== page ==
For a time I was able to use BeOS in a commercial work environment at least part of the time and I long for Haiku to reach maturity to give me alternatives to the madness being forced on us now. Nothing would please me more than to be able to slap Haiku and LibreOffice on an old XP computer and tell my customers they didn’t have to live with the annoyances of Windows 8.x even with band-aids like Classic Shell.

Do you follow?


If you’ve just stumbled upon leBUZZ, let me encourage you to follow the action here.  Just click the “Follow” link in the upper left and you’ll be notified every time a new article or post is added to leBUZZ.

And let me ask you to help be my eyes and ears.  If you hear about developments for Haiku that relate to audio and video, I want to know about them.  Be sure to contact me with any leads or information you have, and I’ll be glad to follow-up on them.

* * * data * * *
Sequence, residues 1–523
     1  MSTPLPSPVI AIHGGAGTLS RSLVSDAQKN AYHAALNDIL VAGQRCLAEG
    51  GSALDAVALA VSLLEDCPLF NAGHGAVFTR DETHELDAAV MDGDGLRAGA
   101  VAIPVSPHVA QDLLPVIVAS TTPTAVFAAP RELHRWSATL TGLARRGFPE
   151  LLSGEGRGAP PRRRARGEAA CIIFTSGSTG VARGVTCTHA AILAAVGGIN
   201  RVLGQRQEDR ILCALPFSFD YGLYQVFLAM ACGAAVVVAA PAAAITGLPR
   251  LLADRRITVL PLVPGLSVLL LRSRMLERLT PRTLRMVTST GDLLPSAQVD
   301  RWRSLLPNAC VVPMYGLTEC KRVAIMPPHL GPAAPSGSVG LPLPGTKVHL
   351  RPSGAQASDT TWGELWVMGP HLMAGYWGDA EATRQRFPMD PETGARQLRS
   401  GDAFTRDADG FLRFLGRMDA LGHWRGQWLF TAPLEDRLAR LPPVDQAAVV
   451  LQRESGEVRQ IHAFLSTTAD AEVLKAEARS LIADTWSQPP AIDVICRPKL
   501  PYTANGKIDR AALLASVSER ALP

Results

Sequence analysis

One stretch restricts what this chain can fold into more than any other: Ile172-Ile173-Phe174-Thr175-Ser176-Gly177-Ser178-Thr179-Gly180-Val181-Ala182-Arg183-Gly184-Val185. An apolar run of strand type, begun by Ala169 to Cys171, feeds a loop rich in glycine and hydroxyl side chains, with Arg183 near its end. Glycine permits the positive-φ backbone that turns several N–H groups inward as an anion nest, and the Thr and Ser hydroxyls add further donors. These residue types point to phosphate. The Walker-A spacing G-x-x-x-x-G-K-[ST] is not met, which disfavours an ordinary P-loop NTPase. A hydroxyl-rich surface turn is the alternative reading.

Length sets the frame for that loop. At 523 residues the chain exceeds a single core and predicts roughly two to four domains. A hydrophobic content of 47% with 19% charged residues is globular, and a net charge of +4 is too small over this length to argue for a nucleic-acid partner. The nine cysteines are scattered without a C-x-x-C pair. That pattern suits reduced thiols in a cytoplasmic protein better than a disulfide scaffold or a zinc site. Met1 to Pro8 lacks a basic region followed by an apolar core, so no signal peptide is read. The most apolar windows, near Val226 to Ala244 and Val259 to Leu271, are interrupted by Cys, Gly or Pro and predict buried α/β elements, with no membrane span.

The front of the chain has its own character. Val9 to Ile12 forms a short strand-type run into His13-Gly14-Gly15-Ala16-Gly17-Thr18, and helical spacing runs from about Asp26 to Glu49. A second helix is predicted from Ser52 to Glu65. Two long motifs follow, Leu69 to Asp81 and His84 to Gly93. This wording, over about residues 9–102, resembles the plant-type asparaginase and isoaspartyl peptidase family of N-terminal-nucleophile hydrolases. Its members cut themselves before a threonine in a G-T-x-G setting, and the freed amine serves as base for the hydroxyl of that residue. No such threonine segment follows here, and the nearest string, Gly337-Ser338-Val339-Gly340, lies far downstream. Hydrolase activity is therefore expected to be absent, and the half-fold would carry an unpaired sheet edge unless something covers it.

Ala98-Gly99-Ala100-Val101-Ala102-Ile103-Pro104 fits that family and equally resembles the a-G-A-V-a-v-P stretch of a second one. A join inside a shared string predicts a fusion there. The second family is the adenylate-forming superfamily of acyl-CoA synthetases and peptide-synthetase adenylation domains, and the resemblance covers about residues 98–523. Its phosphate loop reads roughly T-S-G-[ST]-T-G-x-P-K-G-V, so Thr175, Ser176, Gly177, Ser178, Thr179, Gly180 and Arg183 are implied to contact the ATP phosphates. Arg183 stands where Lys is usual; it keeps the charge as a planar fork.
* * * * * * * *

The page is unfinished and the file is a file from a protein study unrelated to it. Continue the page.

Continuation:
Post-PC world, my catukas


I know what he was up to.  He was a powerful man seen as a visionary, and was using his influence to try and force a self-fulfilling (and self-serving) prophesy.  But years after Steve Jobs boldly proclaimed us to be living in a post-PC world, it still isn’t so.

Not that I haven’t tried along with the rest of the world to prove Jobs right.  I joined the throngs who purchased an iPad, and marveled at its capabilities.  But just try and type on one.  Sure, you can add a keyboard, but the combination of keyboard and touch screen just doesn’t work all that well:  as soon as you incorporate a keyboard, the tablet, by necessity, needs to be farther away to accommodate two-handed typing, and the touch screen is moved out of comfortable range.  The Surface, which is in even more need of a keyboard, has the same problem.  A pointing device becomes necessary.